Monkeypox is a rare disease belonging to the same family of viruses as smallpox.

Although typically found in central and western Africa, there are now reports of multiple monkeypox outbreaks across the UK.

While monkeypox is not very contagious and is less dangerous than other viruses, it is always important to be able to identify the signs of a disease and the risks it may pose to you.

Transmission of monkeypox

Monkeypox is a viral zoonosis, which means it is a type of virus transmissible to humans from animals. The first instance of the virus was identified in laboratory monkeys in 1958, hence the name monkeypox.  However, it is thought that people catch the virus from infected wild animals, specifically rodents like rats and squirrels.

Between people, monkeypox is transmitted through bodily fluids, close contact with lesions (touching monkeypox blisters or scabs), respiratory droplets (if someone with the rash coughs or sneezes) and contaminated materials like clothing, bedding and towels.

Those living in the UK are unlikely to contract monkeypox, although certain people are more at risk.

If you have recently travelled to west or central Africa, where the disease is endemic, there is a higher chance you could get the virus.

Being in close contact, including sexual contact, with someone who has monkeypox or is symptomatic also puts you at a higher risk of getting monkeypox. Even touching another person’s skin or sharing their bedding counts as close contact.

While anyone can become infected with monkeypox, there have been a higher amount of cases in people who are gay or bisexual and in men who have sex with men.

Symptoms of monkeypox

Symptoms of monkeypox usually appear between 5 and 21 days after infection. These include:

  • A high temperature
  • A headache
  • Muscle aches
  • Backache
  • Swollen glands
  • Shivering
  • Exhaustion

A rash will often develop between days 1 to 5. Beginning on the face, the rash can spread to other parts of the body, including the genitals.

Sometimes a monkeypox rash can look similar to chickenpox. The rash will typically look like raised spots to start with, which will turn into small blisters filled with fluid. Eventually, these blisters will form scabs and peel off.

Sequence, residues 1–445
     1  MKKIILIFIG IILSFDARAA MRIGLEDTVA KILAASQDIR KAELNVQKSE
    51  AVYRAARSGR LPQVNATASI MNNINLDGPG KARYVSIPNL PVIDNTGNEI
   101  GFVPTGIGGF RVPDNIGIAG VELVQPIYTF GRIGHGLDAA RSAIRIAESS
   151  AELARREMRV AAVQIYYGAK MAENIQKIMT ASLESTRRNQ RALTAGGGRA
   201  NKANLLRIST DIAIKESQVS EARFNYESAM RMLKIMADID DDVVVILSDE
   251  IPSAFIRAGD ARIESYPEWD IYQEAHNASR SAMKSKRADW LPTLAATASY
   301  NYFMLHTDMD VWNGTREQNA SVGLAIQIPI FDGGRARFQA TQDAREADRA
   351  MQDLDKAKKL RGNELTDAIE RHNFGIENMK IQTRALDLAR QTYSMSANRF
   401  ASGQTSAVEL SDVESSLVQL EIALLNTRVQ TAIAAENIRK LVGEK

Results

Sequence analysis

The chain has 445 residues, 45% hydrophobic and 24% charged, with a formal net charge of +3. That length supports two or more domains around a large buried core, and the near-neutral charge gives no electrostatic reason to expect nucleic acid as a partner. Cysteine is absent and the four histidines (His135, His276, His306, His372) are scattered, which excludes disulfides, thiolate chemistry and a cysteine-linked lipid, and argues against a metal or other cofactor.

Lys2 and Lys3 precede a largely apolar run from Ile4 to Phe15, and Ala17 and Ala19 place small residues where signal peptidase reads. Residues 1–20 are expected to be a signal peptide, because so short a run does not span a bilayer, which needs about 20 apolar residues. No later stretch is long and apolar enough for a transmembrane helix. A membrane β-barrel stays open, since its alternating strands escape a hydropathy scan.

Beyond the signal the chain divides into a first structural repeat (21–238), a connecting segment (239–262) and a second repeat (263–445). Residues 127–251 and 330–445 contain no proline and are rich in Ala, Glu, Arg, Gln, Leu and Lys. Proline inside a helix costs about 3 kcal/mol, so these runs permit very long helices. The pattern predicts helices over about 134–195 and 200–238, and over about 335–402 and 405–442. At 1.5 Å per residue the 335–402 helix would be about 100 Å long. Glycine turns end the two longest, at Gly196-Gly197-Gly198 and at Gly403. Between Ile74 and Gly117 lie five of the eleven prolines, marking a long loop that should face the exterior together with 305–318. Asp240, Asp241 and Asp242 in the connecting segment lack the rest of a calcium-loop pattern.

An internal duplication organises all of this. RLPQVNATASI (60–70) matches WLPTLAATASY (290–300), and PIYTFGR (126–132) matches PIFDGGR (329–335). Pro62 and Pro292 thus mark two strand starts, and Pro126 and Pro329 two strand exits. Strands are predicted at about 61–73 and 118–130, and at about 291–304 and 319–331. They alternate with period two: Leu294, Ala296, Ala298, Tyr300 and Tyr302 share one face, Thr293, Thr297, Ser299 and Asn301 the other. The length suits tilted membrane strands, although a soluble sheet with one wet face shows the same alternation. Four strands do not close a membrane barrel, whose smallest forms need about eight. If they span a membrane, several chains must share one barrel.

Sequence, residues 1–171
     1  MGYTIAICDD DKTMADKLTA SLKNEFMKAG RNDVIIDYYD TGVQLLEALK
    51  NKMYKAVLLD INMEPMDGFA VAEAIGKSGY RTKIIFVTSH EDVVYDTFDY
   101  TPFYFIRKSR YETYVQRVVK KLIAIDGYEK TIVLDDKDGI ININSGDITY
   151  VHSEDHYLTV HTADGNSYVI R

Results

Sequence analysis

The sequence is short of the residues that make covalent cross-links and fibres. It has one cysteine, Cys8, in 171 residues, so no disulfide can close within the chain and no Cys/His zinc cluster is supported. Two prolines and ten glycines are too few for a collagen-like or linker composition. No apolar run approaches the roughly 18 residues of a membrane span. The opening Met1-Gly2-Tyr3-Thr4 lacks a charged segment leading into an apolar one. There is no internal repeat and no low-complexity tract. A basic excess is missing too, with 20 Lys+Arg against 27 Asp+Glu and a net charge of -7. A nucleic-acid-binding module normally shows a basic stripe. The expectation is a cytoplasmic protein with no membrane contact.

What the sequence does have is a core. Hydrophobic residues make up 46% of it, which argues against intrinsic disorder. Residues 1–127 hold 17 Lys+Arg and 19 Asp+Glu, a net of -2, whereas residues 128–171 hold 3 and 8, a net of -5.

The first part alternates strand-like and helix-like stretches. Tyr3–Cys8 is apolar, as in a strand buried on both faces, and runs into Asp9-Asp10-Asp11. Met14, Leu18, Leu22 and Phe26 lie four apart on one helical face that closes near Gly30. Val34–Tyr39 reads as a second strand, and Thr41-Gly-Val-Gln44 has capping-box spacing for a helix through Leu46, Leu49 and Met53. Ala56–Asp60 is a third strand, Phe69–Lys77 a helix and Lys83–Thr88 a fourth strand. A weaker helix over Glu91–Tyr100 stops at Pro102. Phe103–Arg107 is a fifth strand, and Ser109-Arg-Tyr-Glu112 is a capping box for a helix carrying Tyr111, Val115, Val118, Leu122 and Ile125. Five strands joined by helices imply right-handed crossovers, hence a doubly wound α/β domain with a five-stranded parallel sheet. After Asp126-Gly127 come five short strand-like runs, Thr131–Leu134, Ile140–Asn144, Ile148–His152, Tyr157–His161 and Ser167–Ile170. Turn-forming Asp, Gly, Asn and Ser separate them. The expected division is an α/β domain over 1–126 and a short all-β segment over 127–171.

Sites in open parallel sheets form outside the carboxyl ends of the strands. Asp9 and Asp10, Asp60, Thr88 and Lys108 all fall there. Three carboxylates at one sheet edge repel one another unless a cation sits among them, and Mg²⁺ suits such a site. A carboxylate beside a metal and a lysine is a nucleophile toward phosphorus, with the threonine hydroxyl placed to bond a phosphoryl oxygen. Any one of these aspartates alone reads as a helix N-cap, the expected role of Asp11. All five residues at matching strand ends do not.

Monkeypox lesions. Photo Cred: UKHSA

What to do if you think you have monkeypox

The NHS recommends contacting a sexual health clinic if you have symptoms of monkeypox and have been in close contact with anyone who has or may have the virus in the past three weeks.

You should also contact a clinic if you have visited west or central Africa in the past three weeks and are exhibiting symptoms.

Find your nearest sexual health clinic here.

Ring ahead before visiting the clinic and explain your concerns. It is important that you stay at home and avoid close contact with others until you’ve been given further advice.

Treating monkeypox

In most cases, monkeypox is mild with most people usually recovering within a few weeks without the need for treatment.

As with other viral infections, those diagnosed with monkeypox should isolate themselves to help prevent the further spread of the disease.

A person with more severe symptoms, or a higher risk of developing serious secondary complications, may have to stay in a specialist hospital until they fully recover.

People may also be offered a vaccine to help fight off the virus. Previously, vaccination against smallpox has been found to be 85% effective in treating monkeypox.[1]

Who is at risk: monkeypox and diabetes

Although monkeypox is not usually fatal, with most people recovering within a few weeks of contracting the disease, it may be more severe in certain individuals, including children, pregnant women, or those considered immunosuppressed.

Having diabetes does mean you are considered immunosuppressed. However, those who do not have their condition under control can be more susceptible to infection as high blood sugar (also called hyperglycaemia) can negatively affect the body’s immune system. There are many ways you can take control of your blood sugar levels, such as eating a healthy diet and keeping fit

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